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Thin film semiconductor will drive production of next generation displays

Date:
October 21, 2013
Source:
National Institute for Materials Science
Summary:
For the first time in the world, researchers have found what is needed for a thin film to behave as a semiconductor. The research will reduce power consumption of displays, lead to stable higher-definition TVs and contribute towards conserving precious resources by not using zinc or gallium.

Photograph of a prototype of an oxide transistor and schematic diagram of the device structure.
Credit: Image courtesy of National Institute for Materials Science

For the first time in the world, researchers have found what is needed for a thin film to behave as a semiconductor. The research will reduce power consumption of displays, lead to stable higher-definition TVs and contribute towards conserving precious resources by not using zinc or gallium.

Dr. Shinya Aikawa, a post-doctoral researcher, Dr. Kazuhito Tsukagoshi, Principal Investigator, and Dr. Toshihide Nabatame, General Manager, from the International Center for Materials Nanoarchitectonics (WPI-MANA) (Director-General: Masakazu Aono) of the National Institute for Materials Science (President: Sukekatsu Ushioda) developed a pixel switching semiconductor, which will be the key to driving next-generation displays, by using an oxide film with a new elemental composition.

A flat panel display is an important interface in modern information society, which displays the electronic bit information used in machines in a human-recognizable form. Conventionally, amorphous silicon thin films and polysilicon thin films had been used to make field-effect transistors to be used as pixel switches for TVs and smartphones, but there have been strong calls for the development of high-performance semiconductor films with higher definition or higher speed. At present, indium gallium zinc oxide (IGZO) transistors are potential oxide semiconductors with high field-effect mobility. However, it is generally difficult to adjust the manufacturing conditions for stably and efficiently producing high-performance oxide semiconductors, and this is presenting a major challenge in actual production.

Therefore, materials that can adapt to broader manufacturing conditions are hoped to be developed for thin-film formation.

"We added an infinitesimal amount of metal oxide (titanium oxide, tungsten oxide, silicon oxide, etc.) to indium oxide, and found a factor that decides the film deposition conditions for a thin film to behave as a semiconductor, for the first time in the world," one of the authors said.

When an oxide film contains metal with low bond dissociation energy, the thin film absorbs or desorbs oxygen easily and the conductivity of the film changes. For example, zinc has very low bond dissociation energy, so a thin film using zinc absorbs or desorbs oxygen easily when heated or cooled. This finding suggests that the manufacturing conditions for oxide semiconductors can be controlled by focusing on the bond dissociation energy. "In fact, we confirmed that film deposition conditions can be broadened by adding silicon oxide with high bond dissociation energy to indium oxide. We also confirmed stabilization of thin-film conductivity in post-deposition heat treatment," according to one of the authors.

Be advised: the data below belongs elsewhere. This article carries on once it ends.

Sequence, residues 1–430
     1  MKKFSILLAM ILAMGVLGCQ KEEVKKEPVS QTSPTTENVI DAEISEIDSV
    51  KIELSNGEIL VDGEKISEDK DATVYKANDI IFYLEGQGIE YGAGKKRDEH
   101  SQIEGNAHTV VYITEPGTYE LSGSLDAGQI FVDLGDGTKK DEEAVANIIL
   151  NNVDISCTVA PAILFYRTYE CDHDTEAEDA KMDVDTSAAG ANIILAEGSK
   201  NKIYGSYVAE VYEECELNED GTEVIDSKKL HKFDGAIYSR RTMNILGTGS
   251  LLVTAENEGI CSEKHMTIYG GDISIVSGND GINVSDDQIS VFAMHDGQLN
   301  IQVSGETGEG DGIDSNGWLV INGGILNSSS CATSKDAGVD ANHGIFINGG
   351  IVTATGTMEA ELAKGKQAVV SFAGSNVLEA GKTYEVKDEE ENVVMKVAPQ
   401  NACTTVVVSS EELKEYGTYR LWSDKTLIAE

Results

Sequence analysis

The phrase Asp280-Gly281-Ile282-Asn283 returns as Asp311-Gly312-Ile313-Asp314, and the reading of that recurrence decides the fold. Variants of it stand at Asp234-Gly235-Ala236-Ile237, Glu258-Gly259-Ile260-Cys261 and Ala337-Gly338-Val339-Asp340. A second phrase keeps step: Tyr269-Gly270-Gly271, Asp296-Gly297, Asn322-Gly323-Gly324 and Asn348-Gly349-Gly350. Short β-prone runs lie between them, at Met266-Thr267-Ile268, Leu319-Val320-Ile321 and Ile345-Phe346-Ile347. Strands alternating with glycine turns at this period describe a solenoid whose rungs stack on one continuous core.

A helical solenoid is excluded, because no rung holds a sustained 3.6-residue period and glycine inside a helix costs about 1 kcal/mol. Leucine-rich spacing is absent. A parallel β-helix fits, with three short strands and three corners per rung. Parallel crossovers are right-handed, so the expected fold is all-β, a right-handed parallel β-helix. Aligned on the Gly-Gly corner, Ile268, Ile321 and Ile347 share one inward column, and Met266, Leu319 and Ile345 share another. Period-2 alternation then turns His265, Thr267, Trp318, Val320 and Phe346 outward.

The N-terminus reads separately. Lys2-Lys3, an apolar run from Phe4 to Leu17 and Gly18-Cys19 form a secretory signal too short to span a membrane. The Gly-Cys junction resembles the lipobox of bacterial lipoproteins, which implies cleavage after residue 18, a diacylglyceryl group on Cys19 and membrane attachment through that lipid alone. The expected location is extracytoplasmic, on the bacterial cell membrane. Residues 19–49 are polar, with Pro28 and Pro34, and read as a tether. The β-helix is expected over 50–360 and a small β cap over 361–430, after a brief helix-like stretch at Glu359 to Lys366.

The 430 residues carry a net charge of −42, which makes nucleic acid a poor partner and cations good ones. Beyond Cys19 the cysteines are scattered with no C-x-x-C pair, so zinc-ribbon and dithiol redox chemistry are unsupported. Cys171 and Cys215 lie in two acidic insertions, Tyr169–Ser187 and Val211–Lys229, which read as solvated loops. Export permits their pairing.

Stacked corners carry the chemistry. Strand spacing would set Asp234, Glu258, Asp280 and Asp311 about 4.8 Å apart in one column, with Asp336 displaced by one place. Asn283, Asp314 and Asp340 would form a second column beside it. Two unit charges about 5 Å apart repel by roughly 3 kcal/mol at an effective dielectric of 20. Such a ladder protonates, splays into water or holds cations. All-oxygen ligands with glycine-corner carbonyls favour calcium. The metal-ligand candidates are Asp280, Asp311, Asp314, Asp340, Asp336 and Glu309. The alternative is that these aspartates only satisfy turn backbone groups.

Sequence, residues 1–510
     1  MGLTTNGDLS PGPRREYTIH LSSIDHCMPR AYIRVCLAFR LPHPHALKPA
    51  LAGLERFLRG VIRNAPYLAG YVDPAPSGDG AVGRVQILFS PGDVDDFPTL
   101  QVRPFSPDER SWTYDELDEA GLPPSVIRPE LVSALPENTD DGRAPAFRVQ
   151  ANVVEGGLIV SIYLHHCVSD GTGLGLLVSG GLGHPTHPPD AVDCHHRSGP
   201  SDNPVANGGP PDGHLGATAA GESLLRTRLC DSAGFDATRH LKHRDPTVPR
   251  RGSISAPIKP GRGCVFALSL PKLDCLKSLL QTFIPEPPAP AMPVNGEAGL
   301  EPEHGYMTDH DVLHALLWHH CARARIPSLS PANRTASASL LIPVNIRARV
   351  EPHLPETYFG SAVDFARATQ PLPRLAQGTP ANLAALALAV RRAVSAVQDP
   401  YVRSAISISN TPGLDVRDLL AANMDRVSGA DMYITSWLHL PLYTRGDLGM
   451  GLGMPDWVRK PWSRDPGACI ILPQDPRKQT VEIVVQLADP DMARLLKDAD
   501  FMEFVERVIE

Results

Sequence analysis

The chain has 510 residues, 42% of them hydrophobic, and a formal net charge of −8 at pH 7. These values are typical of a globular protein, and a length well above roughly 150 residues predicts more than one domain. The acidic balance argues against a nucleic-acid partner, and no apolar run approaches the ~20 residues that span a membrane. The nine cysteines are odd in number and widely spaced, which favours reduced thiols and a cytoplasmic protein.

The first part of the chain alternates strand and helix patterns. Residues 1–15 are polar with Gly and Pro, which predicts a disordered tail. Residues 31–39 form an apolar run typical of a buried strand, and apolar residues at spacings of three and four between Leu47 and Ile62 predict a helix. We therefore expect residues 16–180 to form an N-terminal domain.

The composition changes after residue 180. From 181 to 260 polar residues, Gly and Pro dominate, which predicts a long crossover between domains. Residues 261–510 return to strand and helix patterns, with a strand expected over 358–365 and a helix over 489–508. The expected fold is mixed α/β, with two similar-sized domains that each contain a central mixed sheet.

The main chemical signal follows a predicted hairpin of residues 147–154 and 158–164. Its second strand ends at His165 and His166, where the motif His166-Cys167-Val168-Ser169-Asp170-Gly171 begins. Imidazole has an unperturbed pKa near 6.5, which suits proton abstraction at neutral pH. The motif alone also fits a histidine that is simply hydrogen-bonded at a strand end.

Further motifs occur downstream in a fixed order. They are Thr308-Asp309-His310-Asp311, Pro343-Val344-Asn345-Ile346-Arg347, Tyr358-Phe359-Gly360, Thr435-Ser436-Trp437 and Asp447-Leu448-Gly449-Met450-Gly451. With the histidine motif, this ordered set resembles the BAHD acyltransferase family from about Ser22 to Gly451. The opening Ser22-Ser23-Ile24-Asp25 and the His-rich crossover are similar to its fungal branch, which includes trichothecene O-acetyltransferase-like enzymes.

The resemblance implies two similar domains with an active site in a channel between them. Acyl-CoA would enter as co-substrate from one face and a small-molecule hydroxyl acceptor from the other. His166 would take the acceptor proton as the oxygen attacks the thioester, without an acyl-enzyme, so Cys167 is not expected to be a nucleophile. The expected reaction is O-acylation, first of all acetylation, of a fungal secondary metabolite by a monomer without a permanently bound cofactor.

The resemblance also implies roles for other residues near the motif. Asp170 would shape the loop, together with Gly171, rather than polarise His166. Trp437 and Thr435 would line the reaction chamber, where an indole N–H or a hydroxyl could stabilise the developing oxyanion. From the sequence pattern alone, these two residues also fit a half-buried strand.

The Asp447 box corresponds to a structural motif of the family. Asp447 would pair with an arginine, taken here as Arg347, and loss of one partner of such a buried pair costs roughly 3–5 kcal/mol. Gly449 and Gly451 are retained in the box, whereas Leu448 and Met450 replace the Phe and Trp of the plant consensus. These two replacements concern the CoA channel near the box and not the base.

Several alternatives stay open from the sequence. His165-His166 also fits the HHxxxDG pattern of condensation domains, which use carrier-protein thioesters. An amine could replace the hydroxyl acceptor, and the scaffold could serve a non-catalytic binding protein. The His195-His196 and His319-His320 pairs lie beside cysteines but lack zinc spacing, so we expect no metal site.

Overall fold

The research results are expected to be effective not only for reducing the power consumption of displays which consume about half of the power in rapidly diffusing smartphones, but also for achieving higher frequencies to realize higher-definition TVs. Moreover, the thin film developed in this research contributes to conserving precious resources by not using zinc, which is a trace element of concern, or high-cost gallium which is used in large quantities for galvanized steel sheets or as a rubber vulcanizing agent, while it also enables the manufacture of flat panel displays not affected by wild fluctuations in raw material prices.

The research results will be published in the online edition of the U.S. applied physics journal, Applied Physics Letters, in the near future.


Story Source:

The above story is based on materials provided by National Institute for Materials Science. Note: Materials may be edited for content and length.


Cite This Page:

National Institute for Materials Science. "Thin film semiconductor will drive production of next generation displays." ScienceDaily. ScienceDaily, 21 October 2013. <www.sciencedaily.com/releases/2013/10/131021115456.htm>.
National Institute for Materials Science. (2013, October 21). Thin film semiconductor will drive production of next generation displays. ScienceDaily. Retrieved April 18, 2014 from www.sciencedaily.com/releases/2013/10/131021115456.htm
National Institute for Materials Science. "Thin film semiconductor will drive production of next generation displays." ScienceDaily. www.sciencedaily.com/releases/2013/10/131021115456.htm (accessed April 18, 2014).

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